Defense Date

2005

Document Type

Thesis

Degree Name

Master of Science

Department

Mathematical Sciences

First Advisor

Dr. D'Arcy P. Mays

Abstract

Probability theory is a branch of mathematics concerned with determining the long run frequency or chance that a given event will occur. This chance is determined by dividing the number of selected events by the number of total events possible, assuming these events are equally likely. Probability theory is simply enumerative combinatorial analysis when applied to finite sets. For a given finite sample space, probability questions are usually "just" a lot of counting. The purpose of this thesis is to provide some in depth analysis of several combinatorial methods, including basic principles of counting, permutations and combinations, by specifically exploring one type of probability problem: C ordered possible elements that are equally likely s independent sampled subjects r distinct elements, where r = 1, 2, 3, …, min (C, s) we want to know P(s subjects utilize exactly r distinct elements). This thesis gives a detailed step by step analysis on techniques used to ultimately finding a general formula to solve the above problem.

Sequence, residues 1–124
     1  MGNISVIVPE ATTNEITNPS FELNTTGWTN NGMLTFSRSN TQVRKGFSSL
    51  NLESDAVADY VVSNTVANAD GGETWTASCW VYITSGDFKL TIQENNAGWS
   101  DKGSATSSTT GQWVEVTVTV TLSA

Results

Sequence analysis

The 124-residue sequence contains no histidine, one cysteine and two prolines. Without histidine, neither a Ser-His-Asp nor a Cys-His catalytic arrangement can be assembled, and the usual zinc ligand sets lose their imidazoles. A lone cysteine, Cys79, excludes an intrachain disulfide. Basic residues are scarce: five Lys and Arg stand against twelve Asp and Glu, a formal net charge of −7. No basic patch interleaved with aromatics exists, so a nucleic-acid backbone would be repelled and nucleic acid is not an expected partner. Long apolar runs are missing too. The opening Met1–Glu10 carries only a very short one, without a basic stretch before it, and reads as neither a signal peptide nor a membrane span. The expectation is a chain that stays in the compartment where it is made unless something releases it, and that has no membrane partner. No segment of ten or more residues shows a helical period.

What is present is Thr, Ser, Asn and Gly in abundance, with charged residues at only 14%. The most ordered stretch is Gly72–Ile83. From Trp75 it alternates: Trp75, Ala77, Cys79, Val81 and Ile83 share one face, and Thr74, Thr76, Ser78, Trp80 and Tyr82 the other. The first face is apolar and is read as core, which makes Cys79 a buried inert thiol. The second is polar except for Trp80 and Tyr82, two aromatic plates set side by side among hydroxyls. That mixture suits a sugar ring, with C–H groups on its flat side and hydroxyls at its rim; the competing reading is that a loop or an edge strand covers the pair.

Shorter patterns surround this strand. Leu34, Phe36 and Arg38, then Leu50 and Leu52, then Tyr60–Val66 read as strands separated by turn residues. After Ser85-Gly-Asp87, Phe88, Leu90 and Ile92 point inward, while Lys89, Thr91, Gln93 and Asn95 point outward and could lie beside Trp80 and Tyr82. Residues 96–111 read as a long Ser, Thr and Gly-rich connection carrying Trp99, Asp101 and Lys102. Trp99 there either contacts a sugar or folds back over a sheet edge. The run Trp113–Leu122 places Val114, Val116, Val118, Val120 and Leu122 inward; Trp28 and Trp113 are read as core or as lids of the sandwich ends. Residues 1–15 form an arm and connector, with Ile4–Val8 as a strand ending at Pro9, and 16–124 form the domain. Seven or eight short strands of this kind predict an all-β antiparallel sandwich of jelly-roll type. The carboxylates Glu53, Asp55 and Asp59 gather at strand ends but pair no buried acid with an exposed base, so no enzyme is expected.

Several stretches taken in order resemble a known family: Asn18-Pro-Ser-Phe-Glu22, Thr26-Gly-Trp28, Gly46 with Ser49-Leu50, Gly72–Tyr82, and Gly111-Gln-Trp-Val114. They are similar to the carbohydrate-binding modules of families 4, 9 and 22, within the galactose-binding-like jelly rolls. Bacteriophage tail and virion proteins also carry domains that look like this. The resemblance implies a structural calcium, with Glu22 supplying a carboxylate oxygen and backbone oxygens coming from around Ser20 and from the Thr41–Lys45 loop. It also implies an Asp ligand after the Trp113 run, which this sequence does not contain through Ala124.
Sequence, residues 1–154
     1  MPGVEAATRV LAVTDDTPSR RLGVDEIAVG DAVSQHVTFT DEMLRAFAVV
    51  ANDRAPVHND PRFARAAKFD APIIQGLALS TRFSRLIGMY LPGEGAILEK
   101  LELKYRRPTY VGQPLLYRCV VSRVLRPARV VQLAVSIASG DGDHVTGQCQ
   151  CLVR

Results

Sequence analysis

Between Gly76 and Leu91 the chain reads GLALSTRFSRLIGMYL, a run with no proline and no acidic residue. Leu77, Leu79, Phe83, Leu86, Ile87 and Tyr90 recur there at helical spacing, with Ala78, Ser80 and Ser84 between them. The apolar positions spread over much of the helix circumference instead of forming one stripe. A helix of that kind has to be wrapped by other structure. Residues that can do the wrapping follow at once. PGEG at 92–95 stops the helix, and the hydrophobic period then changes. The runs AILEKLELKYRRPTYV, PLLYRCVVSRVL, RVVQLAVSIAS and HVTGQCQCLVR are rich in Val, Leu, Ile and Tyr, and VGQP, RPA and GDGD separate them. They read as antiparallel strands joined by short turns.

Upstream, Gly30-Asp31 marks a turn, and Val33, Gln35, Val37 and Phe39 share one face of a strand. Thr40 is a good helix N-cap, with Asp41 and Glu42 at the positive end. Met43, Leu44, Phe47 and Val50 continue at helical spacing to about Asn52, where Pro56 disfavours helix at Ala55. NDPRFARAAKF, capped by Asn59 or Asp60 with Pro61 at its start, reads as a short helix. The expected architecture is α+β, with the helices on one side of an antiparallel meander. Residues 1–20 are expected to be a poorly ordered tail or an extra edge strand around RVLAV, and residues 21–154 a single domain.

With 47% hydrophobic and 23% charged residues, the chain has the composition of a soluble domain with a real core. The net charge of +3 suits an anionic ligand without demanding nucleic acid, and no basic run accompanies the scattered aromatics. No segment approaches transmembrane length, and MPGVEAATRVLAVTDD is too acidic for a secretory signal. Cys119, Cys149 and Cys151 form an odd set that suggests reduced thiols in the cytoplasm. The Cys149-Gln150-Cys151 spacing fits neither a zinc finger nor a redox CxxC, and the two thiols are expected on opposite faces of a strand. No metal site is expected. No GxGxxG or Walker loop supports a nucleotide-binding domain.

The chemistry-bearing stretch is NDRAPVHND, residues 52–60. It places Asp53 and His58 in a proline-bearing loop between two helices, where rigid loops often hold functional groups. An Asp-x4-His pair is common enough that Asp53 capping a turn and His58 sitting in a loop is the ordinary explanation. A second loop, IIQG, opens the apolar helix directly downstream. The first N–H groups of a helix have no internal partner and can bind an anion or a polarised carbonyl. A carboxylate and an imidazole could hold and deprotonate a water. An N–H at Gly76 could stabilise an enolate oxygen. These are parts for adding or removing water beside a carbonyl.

Rights

© The Author

Is Part Of

VCU University Archives

Is Part Of

VCU Theses and Dissertations

Date of Submission

June 2008

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